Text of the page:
Mortgage Applications Drop as Rates Climb

A realtor showing a smiling couple a new home.

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Mortgage rates have been astoundingly low, but as they creep up, borrowers are starting to back off.

If you can snag a low mortgage rate, you'll be able to lock in affordable housing payments for years to come. And with astonishingly low rates this summer, borrowers have been clamoring for home loans.

But new data from the Mortgage Bankers Association reveals that mortgage applications are slowing down, and we can thank rising rates for that. Specifically, new mortgage applications fell 3.3% from last week, while refinance applications fell 5%.

During that time, the average interest rate for a 30-year fixed-rate mortgage with a conforming loan balance ($510,400 or less in most states) rose to 3.13% from 3.06%. That explains why some borrowers may have hit pause on their new home or refinancing plans.

Still, let's be clear: A rate of 3.13% for a fixed 30-year mortgage is highly competitive in the grand scheme of things. So if you're in the market for a new home, it pays to see about locking in a mortgage -- before rates climb further.

Are today's rates still competitive?

Earlier this summer, the average rate for the 30-year mortgage dipped below 3%. In light of that, anything above 3% might not seem like such a great deal. But in reality, any rate in the vicinity of 3% is still excellent, so if you're able to lock in a 30-year mortgage at 3.13%, it pays to do so.

To put that in context, earlier this year, the average rate for the 30-year mortgage peaked around 4.5%. And it stayed above 3.5% for quite some time. As such, it pays to lock in a mortgage pretty soon, especially if you can qualify for a rate of 3.13%, or something close. The same holds true if you're looking to refinance.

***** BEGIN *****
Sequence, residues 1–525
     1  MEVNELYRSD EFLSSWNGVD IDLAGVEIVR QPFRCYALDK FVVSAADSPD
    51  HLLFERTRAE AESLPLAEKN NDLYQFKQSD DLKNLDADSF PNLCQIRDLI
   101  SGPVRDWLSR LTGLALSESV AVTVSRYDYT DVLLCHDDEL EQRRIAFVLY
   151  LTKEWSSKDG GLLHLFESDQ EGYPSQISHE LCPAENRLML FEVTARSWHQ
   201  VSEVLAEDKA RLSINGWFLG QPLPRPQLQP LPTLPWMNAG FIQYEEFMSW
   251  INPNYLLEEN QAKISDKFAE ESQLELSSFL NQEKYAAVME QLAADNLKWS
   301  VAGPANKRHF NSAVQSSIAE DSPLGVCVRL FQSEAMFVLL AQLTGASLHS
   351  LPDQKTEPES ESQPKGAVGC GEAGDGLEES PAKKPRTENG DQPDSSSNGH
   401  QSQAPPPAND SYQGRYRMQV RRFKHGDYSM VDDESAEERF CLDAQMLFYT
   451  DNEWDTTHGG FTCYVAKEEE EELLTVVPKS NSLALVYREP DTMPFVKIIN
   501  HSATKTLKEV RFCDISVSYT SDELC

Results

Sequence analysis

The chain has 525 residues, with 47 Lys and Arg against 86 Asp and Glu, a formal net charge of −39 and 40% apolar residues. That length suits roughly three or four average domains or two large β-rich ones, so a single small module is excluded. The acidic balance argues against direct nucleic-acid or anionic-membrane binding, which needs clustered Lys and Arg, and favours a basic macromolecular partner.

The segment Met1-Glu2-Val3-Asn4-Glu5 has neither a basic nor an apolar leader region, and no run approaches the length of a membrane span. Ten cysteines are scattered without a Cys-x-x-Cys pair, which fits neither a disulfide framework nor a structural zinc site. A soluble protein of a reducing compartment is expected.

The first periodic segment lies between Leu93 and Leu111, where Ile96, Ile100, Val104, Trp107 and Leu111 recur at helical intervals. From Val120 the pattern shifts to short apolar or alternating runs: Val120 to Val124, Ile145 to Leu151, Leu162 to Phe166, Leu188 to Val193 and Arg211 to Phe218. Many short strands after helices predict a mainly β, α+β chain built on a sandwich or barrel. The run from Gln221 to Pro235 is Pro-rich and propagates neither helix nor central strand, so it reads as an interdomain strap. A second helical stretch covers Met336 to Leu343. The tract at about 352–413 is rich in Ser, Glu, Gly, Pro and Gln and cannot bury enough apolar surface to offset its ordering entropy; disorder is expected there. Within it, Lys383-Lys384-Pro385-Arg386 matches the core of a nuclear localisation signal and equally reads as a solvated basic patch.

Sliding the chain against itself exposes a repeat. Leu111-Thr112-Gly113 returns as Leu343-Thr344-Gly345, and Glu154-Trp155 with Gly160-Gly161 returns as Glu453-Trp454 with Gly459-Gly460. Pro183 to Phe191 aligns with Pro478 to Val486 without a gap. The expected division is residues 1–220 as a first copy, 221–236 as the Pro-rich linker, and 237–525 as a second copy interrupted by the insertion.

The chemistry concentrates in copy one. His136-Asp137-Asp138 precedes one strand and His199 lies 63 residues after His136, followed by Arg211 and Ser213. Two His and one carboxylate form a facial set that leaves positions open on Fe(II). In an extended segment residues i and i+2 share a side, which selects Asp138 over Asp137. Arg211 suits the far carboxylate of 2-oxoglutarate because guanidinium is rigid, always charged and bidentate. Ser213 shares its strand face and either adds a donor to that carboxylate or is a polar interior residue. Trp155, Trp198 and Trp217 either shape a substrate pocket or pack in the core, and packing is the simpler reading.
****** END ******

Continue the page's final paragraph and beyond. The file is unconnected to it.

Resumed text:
That said, not everyone will manage to score the lowest rates available. To get those offers, you'll need to satisfy these criteria:

  • Have an excellent credit score -- generally a score in the mid-700s or higher
  • Have a manageable amount of outstanding debt
  • Have a steady income that's high enough to support the loan amount you're requesting

If your credit is okay but not great, you might qualify for a mortgage or a refinance, but you won't necessarily snag the lowest rates available.

Will mortgage rates keep climbing?

It's a little hard to predict how mortgage rates will fare in the near term. There's a chance they'll slowly but surely start creeping upward in the coming weeks, but we're unlikely to see too many significant jumps. In other words, the average rate for a 30-year mortgage probably won't hit 4% anytime soon, so if you're thinking of buying a home and haven't yet found one, don't panic -- you do still have some time to capitalize on the historically low rates we've been seeing of late.

In the meantime, if you are thinking of applying for a mortgage, check your credit score to see if it needs improving. If you're not pleased with the number you see, you can work on bringing your score up by paying off a chunk of existing debt, reviewing your credit report for errors that work against you and correcting them, or contacting your credit card issuers and asking for a credit limit increase.

Having a solid credit score could be your ticket to locking in a mortgage rate that makes your home more affordable for many years to come -- even if that rate isn't below 3%.

Our Research Expert